|From https://aseasyasridingabike.wordpress.com. |
London lorry driver on his phone.
When I was young, riding a bicycle was pretty much a child’s playtime activity.
As I’ve aged, more adults have begun riding. When we moved to Cedar Rapids in 2001, it became practical for me to start commuting by bicycle, although it took a few years before I began to do that more often than I drive.
As more adults begin riding bicycles, and more infrastructure for bicycling has been created in American cities, there has been something of an anti-bike backlash. And sometimes it seems as if there are three competing and battling groups wanting to use street and walkway infrastructure—walkers, bicycle riders and car/truck drivers.
Some car and truck drivers want exclusive use of the street. In Cedar Rapids, in recent years, when streets have been reconstructed, the city has started adding sidewalks to neighborhoods where none existed before, sometimes to the vocal objection of residents who don’t want to shovel snow or who think losing trees is not worth the gained pedestrian safety.
And we sometimes get letters in our local paper that say things like “I’ve never seen a walker on 35th Street, but the city is destroying our neighborhood and making life terrible for us by installing sidewalks.”
Well, I have several reactions. One is to remind everyone that the walkers came first—humans have been bipeds for millions of years—then the bikers, then the cars. Historically, it was a rather poor mid-20th century car-centric idea in the U.S.A. to start designing and installing streets that served only the latest of those three transit modes. City of Cedar Rapids—for what it’s worth, I applaud your efforts to make up for past mistakes by putting in sidewalks.
As a society, we all benefit by promoting walking and biking, for many reasons. For example, far from slowing traffic, most of the time bikers are aiding traffic by reducing the number of cars on the road. And both walkers and bikers are serving their own personal health—the human body is meant to be used, not to be sedentary. Granted, the most direct benefit of that is for the walker or biker, but still, healthier people mean lower healthcare costs for society as a whole. Also bikers and walkers are reducing air pollution for everyone. (Yes, yes, I know, humans do produce carbon emissions, but cars produce not only far more carbon emissions, but a host of other noxious vapors that CR Biker does not).
Granted, the health savings are offset when a car hits a walker or biker. Which gets me to the big gripe some drivers have—infrastructure. It is the tax argument. Don’t car drivers pay taxes and license fees to maintain roads while walkers and bikers are freeloaders?
Well, no. For one thing, general taxes aid infrastructure, too. And CR street projects are partly funded by a sales tax that a biker quaffing a Fat Tire at the Sag Wagon helps to pay. And the tax argument ignores the relative damage and expense of infrastructure on a per-vehicle basis. It’s not totally free to create or maintain bike trails or sidewalks, but the big expense in street maintenance is to fix damage done by two things: weather and heavy vehicles.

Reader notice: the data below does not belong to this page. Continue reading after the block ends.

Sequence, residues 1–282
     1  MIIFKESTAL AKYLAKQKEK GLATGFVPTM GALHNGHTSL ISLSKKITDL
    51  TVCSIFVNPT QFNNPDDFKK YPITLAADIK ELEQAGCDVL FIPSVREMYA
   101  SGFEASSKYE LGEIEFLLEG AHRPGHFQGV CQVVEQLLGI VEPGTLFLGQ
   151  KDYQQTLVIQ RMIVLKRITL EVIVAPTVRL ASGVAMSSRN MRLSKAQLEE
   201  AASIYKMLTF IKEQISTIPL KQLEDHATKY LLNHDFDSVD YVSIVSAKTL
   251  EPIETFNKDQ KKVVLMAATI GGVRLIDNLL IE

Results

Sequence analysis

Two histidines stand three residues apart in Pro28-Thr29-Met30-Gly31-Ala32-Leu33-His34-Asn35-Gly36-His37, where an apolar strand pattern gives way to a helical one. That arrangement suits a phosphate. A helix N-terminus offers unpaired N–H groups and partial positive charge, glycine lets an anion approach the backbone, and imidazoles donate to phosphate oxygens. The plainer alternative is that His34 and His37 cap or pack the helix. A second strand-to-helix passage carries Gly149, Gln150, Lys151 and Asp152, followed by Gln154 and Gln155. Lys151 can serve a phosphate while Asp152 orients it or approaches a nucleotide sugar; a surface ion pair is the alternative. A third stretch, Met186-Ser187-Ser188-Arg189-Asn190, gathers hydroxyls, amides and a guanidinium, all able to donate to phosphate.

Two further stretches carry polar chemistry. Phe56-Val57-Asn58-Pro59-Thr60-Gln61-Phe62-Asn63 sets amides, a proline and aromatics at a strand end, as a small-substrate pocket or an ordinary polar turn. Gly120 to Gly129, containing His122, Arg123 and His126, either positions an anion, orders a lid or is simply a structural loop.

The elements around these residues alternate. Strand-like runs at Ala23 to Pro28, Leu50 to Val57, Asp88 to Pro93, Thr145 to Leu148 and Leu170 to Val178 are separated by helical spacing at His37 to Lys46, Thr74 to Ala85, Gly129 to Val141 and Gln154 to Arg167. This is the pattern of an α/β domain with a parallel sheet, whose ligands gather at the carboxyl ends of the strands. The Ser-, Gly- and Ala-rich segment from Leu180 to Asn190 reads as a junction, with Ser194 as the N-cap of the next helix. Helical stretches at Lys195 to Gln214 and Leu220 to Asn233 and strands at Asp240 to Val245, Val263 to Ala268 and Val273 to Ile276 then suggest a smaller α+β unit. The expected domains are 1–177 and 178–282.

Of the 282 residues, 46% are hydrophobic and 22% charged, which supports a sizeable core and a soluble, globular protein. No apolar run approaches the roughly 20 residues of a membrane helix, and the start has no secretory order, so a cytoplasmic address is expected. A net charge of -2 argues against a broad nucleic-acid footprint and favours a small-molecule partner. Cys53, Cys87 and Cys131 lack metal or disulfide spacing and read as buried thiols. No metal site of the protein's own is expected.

Sure, you pay more gas tax to drive your SUV on my street. But I cause the street practically no damage whatsoever by rolling my bicycle across it, and that’s not true of your SUV. (British readers, I have no idea what an SUV would be called in Britain. A half Lorry, half car? Maybe it’s just an SUV.)
Anyway, I worry that the discussion of transportation infrastructure, such as it is, is too often put as interest groups battling with each other. As a bicycle rider, I don’t begrudge car drivers the improved lanes and smoother roads that city street projects result in—even if they sometimes repave the interstate, where my bicycle is not allowed (and no, I don’t think it ought to be allowed there, either).
I was thinking about this when I read the blog post I linked at the start of this post. It was written by a English bike rider complaining about a BBC news report that described HGV drivers and bicycle riders as warring over the streets of London. HGV is a “heavy goods vehicle” by the way—British speak for a big truck, what we would call a semi.
The blogger is a bit frustrated by the lazy portrayal of interest groups battling, rather than a more rational discussion of possible solutions. As he notes, accidents in London may have more to do with a poorly designed transportation system that requires bicycles and HGVs to share space rather than the inevitable misbehavior among bike riders and truck drivers.
Amen, brother, or whatever they would say in London to indicate strong agreement. The same attitudes hold true here. Solutions are found not when drivers and walkers and bikers battle, but when a system is designed that accommodates all three groups.
And my American people—some drivers just think people on foot or bike ought not exist. Some have so ingrained in their minds that the American Way is to drive a car like God intended, that any use of public funds to benefit anything not built in Detroit is a conspiracy.
Well, these days Detroit isn’t building that many of our cars anyway. And our car-central culture is slowly evolving and needs to change. If that makes you feel uncomfortable, welcome to the 21st century. Please don’t take your frustration out on a biker.
Last, on a totally unrelated note: Geese! See photo below I shot Friday. Watch out on the local bike trail. Goslings are fun to see, but mama and papa goose will be nervous and aggressive at this time of year!
|Baby geese and mom or dad Friday near Cedar Lake. I'm on the street on the east side rather than the west side trail. No doubt hindering som poor car driver.|